Reviewed by John P. (age 11)
I thought this book was a great one. It was very full of action and it's also funny. The author has written another book with the same characters. It is called Revenge of the Homework machine. I reccomend you read this book too, if you like the Homework Machine. This book doesn't have any pictures but it's a very descriptive book. All readers between the ages of 9 and 12 would enjoy this book.
Students who like wierd and action books should read this book.Although the beginning of this book is boring, the ending is really good. There are also some challenging words in the book, but other than that it's a great book.
What would you do if you were a fifth grader facing a huge homework load every night, and you found out that there was a machine that would do all the work for you? (Do we even have to ask?) That's the situation presented to Sam, Kelsey, Judy and Brenton in Dan Gutman's entertaining new book for young readers, The Homework Machine.
The four children, all fifth graders in Miss Rasmussen's class at Grand Canyon School, are as different as any four 11-year-olds could be, but they have one thing in common all are somewhat isolated from their peers. Sam's a newcomer and has had his share of school trouble before; Kelsey quietly carries her grief at losing her father; Judy's righteous sense of indignation constantly irritates others; and Brenton . . . well, he's another story entirely. Brenton is easily the smartest kid in school, so smart that even his parents and teachers have trouble keeping up with him. When Brenton and his three classmates are assigned to the same study group by their first-year teacher, the others discover that Brenton has created a time-saving gadget to do his homework for him. While the boy genius is perfectly capable of doing the homework himself, Sam, Kelsey and Judy could use the help.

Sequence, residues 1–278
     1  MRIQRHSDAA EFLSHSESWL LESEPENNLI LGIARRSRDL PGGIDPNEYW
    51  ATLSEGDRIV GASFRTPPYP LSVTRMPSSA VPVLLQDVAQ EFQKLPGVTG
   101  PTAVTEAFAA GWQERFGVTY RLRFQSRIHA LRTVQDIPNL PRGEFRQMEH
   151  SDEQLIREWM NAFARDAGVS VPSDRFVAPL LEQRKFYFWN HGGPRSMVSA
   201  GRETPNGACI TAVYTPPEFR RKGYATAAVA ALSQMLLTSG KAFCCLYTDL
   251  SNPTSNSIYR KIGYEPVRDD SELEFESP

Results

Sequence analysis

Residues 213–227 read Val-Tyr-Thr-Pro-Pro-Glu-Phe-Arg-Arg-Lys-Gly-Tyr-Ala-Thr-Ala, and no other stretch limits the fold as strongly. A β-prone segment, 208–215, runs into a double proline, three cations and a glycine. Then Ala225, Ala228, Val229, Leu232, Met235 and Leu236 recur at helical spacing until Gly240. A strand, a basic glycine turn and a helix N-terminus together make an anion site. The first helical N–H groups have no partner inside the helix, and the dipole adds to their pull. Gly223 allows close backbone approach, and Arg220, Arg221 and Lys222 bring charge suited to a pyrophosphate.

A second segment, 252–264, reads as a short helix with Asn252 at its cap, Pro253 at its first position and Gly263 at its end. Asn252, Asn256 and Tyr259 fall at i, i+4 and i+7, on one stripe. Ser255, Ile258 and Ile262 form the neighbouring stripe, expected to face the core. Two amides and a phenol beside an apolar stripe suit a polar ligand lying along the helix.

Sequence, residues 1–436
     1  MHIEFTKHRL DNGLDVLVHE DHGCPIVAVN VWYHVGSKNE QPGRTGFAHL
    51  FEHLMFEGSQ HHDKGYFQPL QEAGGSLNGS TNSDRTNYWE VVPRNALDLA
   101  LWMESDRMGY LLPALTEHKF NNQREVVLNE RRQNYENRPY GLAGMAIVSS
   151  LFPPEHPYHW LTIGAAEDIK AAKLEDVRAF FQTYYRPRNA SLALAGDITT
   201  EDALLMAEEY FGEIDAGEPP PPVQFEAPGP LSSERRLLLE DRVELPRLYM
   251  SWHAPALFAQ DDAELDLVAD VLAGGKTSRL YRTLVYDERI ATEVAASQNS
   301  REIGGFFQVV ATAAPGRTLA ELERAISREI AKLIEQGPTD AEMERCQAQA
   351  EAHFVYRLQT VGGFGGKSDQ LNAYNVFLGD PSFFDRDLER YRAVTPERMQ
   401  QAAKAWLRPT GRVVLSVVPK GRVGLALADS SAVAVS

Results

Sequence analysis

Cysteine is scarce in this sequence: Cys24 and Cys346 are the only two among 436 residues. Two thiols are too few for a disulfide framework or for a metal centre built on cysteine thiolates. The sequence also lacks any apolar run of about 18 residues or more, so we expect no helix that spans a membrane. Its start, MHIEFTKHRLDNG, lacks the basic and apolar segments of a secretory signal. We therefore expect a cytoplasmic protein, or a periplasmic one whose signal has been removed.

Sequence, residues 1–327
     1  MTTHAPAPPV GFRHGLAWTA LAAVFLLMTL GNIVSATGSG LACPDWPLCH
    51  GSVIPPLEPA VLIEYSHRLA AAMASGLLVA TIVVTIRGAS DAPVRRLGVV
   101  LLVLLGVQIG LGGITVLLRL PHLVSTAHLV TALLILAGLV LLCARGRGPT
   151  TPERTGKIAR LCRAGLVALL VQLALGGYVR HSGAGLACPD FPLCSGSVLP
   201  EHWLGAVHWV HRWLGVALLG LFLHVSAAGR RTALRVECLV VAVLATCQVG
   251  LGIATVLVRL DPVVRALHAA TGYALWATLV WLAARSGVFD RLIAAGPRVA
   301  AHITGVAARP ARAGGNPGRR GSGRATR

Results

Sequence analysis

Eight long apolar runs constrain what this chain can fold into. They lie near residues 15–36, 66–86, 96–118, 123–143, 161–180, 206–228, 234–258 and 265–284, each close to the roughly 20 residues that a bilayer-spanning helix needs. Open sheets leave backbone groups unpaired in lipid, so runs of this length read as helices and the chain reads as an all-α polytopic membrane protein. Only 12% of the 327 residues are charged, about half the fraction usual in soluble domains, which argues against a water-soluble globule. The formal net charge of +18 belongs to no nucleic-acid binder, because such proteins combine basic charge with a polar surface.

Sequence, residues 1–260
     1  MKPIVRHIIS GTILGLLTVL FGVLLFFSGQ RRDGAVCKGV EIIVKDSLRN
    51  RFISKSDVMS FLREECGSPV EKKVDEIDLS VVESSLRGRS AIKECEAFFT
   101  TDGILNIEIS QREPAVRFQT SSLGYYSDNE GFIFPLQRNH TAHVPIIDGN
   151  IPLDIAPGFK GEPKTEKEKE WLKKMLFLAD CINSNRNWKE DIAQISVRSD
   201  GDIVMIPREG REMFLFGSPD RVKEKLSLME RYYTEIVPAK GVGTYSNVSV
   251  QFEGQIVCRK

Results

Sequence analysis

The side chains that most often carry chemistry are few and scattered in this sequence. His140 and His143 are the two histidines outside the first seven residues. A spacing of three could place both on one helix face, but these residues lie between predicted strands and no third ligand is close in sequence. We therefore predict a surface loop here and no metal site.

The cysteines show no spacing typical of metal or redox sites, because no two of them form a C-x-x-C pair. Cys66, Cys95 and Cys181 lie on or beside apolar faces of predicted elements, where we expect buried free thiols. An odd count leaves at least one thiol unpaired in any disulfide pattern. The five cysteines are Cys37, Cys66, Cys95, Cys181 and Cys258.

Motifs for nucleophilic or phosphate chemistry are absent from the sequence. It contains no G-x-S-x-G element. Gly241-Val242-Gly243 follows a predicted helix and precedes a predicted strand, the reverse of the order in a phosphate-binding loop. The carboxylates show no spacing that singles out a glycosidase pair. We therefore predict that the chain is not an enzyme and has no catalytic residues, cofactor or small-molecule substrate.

Having perfect grades is something new for these three, and as they meet on a daily basis to do homework, they find that they're learning a lot about each other. Such a good thing can't last though, and when a mystery man starts trying to contact them, the kids start to get nervous. Soon there's an even scarier problem why can't the Homework Machine be turned off?
Told in alternating voices (as all the participants make statements to the Grand Canyon Police), the story unfolds in intriguing fashion. Gutman is a talented writer with dozens of children's books to his credit, and his latest is a funny and thought-provoking tale that should appeal equally to boys and girls. Put it in your lesson plan.
James Neal Webb thinks adults dread helping with homework as much as children dread doing it.